Education experts must study fresh Gulf opportunities
International educational services have become one of the fastest-growing business sectors in the world. In the Middle East, in particular, there are significant, untapped opportunities for Ireland.
The technology-based learning specialist Eduware puts the value of the education sector in the Gulf Cooperation Council (GCC) region at $61bn (€51bn) and the share of private education at $5.5bn (€4.6bn). As the Gulf economies look to diversify, improve public sector efficiency and grow their private sector workforce, they are seeking a new mix of skills across disciplines and levels. According to PwC Middle East, governments in the region are encouraging public-private partnerships to meet increasing demand, and international partnerships are becoming increasingly sophisticated to offer the best of global good practice in a localised environment.
The Royal College of Surgeons in Ireland identified this opportunity over a decade ago and now operates campuses in Dubai and Bahrain. However, there is far wider potential, not just for our universities and institutes of technology - but also for companies in the education and training space. Those that seize the opportunity will find that they are, in many ways, pushing an open door. This is particularly the case in the UAE, where Ireland's education system is highly regarded.
This is evident from the large numbers of Irish teachers and nurses employed across the Emirates, as well as newer developments. For example, the Irish book publisher CJ Fallon recently entered a school-book partnership with the UAE Education Ministry. In January, a delegation from the ministry travelled to the Young Scientist Exhibition in Dublin, with a view to replicating the competition at home. In addition, the Ministry has stated its intention to recruit more Irish teachers and Irish inspectors, with immediate effect.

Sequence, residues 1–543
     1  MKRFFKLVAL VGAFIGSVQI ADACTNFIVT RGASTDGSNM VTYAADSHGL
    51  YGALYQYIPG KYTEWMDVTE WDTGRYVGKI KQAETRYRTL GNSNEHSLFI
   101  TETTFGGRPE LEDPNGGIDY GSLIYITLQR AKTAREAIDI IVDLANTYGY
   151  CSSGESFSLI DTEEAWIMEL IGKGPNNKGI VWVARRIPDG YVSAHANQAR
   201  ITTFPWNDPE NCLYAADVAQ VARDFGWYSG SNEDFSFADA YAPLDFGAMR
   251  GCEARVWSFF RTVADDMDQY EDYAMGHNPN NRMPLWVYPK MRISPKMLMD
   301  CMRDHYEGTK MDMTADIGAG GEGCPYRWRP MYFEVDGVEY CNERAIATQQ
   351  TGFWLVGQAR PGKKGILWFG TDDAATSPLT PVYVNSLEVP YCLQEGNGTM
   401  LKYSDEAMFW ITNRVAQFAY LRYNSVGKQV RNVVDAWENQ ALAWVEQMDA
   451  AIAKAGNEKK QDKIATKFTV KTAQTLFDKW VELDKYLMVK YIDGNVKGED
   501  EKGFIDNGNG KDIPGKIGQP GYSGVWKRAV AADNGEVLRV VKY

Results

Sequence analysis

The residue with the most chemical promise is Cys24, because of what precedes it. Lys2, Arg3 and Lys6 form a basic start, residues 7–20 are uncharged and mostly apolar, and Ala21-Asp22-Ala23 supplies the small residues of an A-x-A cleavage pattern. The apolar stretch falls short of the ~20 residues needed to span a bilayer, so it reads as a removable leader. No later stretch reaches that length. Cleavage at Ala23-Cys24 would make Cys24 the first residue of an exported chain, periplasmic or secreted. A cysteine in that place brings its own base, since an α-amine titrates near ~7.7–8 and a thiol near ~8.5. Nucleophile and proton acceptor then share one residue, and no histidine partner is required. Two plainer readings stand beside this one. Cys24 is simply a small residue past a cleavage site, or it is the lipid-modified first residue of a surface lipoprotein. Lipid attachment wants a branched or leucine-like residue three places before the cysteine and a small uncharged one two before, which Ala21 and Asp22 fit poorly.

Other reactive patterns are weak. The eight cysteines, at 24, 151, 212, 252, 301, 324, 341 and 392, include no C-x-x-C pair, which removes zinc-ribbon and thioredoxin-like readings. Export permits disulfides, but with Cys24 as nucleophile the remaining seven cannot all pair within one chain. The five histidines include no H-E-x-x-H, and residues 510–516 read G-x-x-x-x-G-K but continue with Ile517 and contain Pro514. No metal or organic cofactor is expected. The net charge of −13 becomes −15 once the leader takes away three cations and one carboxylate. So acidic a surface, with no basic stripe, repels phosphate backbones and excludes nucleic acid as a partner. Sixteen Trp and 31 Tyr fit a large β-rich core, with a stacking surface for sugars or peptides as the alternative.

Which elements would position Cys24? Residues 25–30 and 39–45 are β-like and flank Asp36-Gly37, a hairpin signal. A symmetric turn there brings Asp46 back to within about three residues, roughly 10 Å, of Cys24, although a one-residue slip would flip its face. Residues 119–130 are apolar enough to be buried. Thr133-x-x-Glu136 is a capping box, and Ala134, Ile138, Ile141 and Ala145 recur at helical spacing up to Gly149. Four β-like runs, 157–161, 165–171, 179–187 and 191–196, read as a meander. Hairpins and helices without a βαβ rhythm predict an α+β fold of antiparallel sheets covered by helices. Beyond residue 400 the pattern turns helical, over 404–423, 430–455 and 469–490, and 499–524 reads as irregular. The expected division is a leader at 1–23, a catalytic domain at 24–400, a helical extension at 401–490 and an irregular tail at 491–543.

There are many examples of co-operation in the medical area too. The UAE is replicating Ireland's training system for paramedics and has committed to send 50 Emirati paramedics a year to Ireland for training. Similarly, the Dubai Ambulance Service follows Irish ambulance service guidelines, and the fit out of ambulances in Dubai is undertaken by three Irish companies.
These developments suggest a receptive market, with significant potential for other Irish businesses. Enterprise Ireland's offices in Dubai, Riyadh and Doha can help companies will the right offering and ambition to understand the Gulf markets and their key players. We are also focused on helping our universities and institutes of technology win a greater share of students from the region. The UAE's outbound student mobility rate is one of the highest in the world.
Ireland is seen by the Arab world as providing a safe and welcoming environment, particularly for female students. In addition, given the evolving political landscape in the United States and the fact that Ireland will be the only English-speaking country in the EU after Brexit, we are uniquely positioned to attract high-quality Middle Eastern students.
However, the value of international students is not always fully understood in Ireland. The economic impacts can spill over into other sectors such as tourism. Students will be visited by their families and friends, and after they graduate they are likely to return with their own families.
A more diverse student population enables Irish students to build international contacts and gain a better understanding of other cultures, which is increasingly important in a globalised world. Equally, experience tells us that for overseas graduates, great memories of their student days and a deep appreciation of their formative years in Ireland foster long-term goodwill and international understanding. These graduates will, in effect, become a significant part of Ireland's new diaspora and a powerful asset in the decades ahead.
Eamon Sikafi advises on the Middle East and North Africa markets and is based in Enterprise Ireland's Dubai office
Sunday Indo Business